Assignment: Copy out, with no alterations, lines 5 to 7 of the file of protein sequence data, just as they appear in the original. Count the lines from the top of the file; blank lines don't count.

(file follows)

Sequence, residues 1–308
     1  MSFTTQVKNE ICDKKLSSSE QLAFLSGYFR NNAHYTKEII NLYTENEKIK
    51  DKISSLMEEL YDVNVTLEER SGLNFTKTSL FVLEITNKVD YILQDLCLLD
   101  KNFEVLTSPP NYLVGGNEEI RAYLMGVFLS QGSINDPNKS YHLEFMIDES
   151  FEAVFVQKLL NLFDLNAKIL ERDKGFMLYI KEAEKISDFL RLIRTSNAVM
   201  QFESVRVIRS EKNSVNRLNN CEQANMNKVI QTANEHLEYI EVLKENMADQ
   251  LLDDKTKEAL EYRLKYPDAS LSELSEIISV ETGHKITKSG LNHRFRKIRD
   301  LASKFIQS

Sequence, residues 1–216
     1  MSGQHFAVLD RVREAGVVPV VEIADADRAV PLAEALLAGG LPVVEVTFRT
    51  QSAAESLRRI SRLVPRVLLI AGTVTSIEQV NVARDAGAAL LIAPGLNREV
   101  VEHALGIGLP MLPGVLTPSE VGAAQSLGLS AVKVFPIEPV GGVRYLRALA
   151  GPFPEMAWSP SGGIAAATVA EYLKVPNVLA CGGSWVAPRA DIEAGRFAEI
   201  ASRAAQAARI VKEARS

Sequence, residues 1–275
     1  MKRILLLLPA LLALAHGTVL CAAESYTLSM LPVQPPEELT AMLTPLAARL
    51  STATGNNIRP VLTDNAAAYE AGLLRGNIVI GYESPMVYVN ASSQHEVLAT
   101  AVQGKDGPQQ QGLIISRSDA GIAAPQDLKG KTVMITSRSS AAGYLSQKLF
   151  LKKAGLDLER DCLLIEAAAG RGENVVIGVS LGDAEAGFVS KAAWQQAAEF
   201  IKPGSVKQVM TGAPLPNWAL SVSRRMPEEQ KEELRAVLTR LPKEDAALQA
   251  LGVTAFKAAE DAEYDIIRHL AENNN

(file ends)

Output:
   151  FEAVFVQKLL NLFDLNAKIL ERDKGFMLYI KEAEKISDFL RLIRTSNAVM
   201  QFESVRVIRS EKNSVNRLNN CEQANMNKVI QTANEHLEYI EVLKENMADQ
   251  LLDDKTKEAL EYRLKYPDAS LSELSEIISV ETGHKITKSG LNHRFRKIRD